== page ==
1. Introduction

We begin introducing a new word with a simple and straightforward exercise, the See & Say technique. The parent or teacher holds up a flash card with the new sight word and has the child repeat the word multiple times while looking at the flash card.

This technique of exposing your student to the word and having them repeat the word several times is the most basic way we introduce a new sight word. It gets the child using both their visual and auditory senses.

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2. Procedure

Video: Technique One: See & Say

Be sure to hold the flash card at arm’s length from your body, and at arm’s length from the child. The flash card also needs to be held at the child’s eye level. We want to make sure that the child is focused on the written word on the flash card, not on your face or mouth.

Each and every time the sight word is read aloud, the person saying it should use two fingers, their index and middle fingers, to trace the arrow on the flash card from left to right, thereby “underlining” the word. This helps keep the child’s attention focused on the written word, which will help them to become familiar with and memorize the word and its correct spelling.

Here is a sample script for you to follow:

Adult: Let’s learn a new word. My turn. Ready? ONCE.
            Again: ONCE.
            What word?

Child: ONCE.
Adult: Yes! I ONCE was a little girl.
            Now it’s your turn.

Child: ONCE.
Adult: Again.
Child: ONCE.
Adult: One more time.
Child: ONCE.
Adult: Good job!

By using this technique, the child will hear and say the word at least seven times, and hear it used in a short sentence, all while looking intentionally at the written word on the flash card. In the following techniques we will add extra stimulation, using the kinesthetic sense and adding spelling to make an even deeper cognitive impression.

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19 Responses to “Technique One: See & Say”

  1. Caryl Vim

    Thank you for this useful information! God bless!

    Reply
  2. April Mims

    Thank you! Nobody ever told me HOW to teach Sight words!

    Reply
  3. Neelam rathi

    Thank you. That’s an interesting and engaging way of teaching sight words.

    Reply
  4. Moni

    You have no idea how effective this is. I tried it after trying everything that I could think of, this really works.

    Reply
  5. shalini singh

    Hi,
    This is an amazing way of teaching sight words to the children.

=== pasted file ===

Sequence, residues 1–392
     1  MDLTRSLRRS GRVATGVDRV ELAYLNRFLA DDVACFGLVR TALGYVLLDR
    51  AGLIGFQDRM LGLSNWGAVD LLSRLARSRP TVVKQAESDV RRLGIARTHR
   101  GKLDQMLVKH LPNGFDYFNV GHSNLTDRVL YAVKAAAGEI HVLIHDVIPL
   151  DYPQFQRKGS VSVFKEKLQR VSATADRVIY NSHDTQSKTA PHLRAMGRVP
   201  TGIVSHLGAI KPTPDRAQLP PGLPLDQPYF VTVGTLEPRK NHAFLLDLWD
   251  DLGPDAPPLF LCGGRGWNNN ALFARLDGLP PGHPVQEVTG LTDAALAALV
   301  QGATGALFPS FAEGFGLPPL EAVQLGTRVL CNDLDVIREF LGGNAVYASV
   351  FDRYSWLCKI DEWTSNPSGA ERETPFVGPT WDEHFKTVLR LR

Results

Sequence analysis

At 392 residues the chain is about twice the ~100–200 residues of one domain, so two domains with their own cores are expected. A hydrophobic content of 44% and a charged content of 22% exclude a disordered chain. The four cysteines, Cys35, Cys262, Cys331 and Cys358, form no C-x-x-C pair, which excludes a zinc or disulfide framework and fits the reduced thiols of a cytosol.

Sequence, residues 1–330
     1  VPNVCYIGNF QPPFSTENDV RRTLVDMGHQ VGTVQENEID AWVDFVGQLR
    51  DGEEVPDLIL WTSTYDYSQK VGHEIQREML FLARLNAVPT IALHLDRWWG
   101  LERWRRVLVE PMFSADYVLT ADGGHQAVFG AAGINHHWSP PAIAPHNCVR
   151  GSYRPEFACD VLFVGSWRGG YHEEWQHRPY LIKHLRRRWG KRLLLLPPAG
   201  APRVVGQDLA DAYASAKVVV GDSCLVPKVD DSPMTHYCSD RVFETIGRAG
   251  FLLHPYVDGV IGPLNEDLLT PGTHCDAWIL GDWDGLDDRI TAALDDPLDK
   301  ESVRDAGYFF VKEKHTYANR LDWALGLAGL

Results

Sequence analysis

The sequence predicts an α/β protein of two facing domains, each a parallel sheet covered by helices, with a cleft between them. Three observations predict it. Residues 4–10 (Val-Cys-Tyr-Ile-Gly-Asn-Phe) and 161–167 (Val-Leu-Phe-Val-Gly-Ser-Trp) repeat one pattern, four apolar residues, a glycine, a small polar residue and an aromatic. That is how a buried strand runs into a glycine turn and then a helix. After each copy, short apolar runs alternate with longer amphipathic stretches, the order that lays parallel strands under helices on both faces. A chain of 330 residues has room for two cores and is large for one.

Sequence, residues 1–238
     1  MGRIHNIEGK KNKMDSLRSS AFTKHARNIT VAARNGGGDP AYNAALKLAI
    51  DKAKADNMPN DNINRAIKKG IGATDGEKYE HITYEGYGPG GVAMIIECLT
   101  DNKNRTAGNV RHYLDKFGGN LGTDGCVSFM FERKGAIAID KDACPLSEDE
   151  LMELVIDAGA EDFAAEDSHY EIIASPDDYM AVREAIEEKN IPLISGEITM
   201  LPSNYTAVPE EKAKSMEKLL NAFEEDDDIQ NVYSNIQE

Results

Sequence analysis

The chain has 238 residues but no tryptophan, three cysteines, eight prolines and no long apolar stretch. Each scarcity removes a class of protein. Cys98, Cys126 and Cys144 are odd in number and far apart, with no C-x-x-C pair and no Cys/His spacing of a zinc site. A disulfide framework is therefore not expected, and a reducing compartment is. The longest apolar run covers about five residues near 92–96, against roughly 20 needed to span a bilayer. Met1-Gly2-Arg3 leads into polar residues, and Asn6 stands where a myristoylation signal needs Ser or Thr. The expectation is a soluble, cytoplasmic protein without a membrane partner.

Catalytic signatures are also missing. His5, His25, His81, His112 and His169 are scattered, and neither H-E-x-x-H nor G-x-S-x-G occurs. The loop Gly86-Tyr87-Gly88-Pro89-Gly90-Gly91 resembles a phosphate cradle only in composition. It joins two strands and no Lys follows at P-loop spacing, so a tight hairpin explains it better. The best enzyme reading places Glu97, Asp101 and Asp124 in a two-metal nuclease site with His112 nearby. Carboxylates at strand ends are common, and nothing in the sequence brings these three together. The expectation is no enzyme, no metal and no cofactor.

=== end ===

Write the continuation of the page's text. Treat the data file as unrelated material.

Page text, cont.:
thank you.

    Reply
  6. Joann Clair Privitera

    I teach English to young children in Italy. I used this technique with my classes and also with private lessons.
    It’s great and children loved it.
    Thanks a lot.

    Reply
  7. Shelley Aaronson

    Thank you so much! I have some children that pick up sight words naturally in text, and others need so much repetition. Thanks for helping. God Bless!

    Reply
  8. Faby Mendez

    Thanks a lot!!! This is the first time I know how to teach sight words to my kids. It’s so easy and I’m sure we’ll spend more time together playing and learning. Thanks again.

    Reply
  9. Emma

    Thanx, great refreshing techniques

    Reply
  10. Nan

    I use this technique with Spelling by adding the word ‘Spell” after say. It has helped.

    Reply
  11. rosemarie cagampang

    Thank for the tips, my children are so excited with the game idea you have given….God bless & more power!!!!

    Reply
  12. Susie Lostetter

    My little great nephew was born prematurely. He was held back due to just not being ready to advance. He is in kindergarten, and the teacher is working on sight words. He has a very difficult time with the “th” words. When his mom works with him on those words, he gets very frustrated and then makes up a “guess” word. Say, that becomes we, which is totally wrong, and then the frustration sets in. We had a long discussion this morning, and I threw out all kinds of ideas to her, some of which she may try. Above all, do NOT let your child see your frustration and never talk down to them. One hundred praises can be shot down with one negative comment. I suggested getting a chart for him with the th separate from the ending letters, memory hooks, etc. There must be a better way. Do you have any ideas to help him grasp what is being taught? Thank you so much.

    ADMIN – Hi Susie,

    Take a look at the activities in the Digraph Sounds module of our Phonemic Awareness curriculum. This covers the two-letter digraph sounds: th, sh, ch, wh, and ng. Follow our instructions for teaching what th looks and sounds like. Hope that helps him get familiar with hearing and reading the th words!

    Reply
  13. Desiree fortich

    This was really helpful. Before finding this I was honestly, frustrated. Being grandma, and in round two, I want to be wiser, patient and effect this generation, APPRECIATE THE MATERIALS, I’M NOT ALONE. THE BEST IS HERE, THANK YOU

    Reply
  14. Farah

    Thanks for the creative way to teach the kids the sight words ..will give it a try.

    Reply
  15. teaches2read

    I love the videos for these. I’ve used these techniques for years and find them to be very beneficial! I’d like to share with our teachers in the form of a handout. Do you by chance have the techniques in handout form with a picture of the techniques as well?

    ADMIN – Hi Teaches2Read,

    Great idea. We will add that to our to-do list!

    Reply
  16. Danielle

    I like this technique, I will be trying it my son. He is in kindergarten and learning so many new words. Thank you for sharing this great resource.

    Reply
  17. ms lanar.

    Thank you! The smart monsters in my class love this.

    Reply
  18. Jazmine Neuse

    Thank you for this site. This site is very helpful to me teaching my kids.

    Reply

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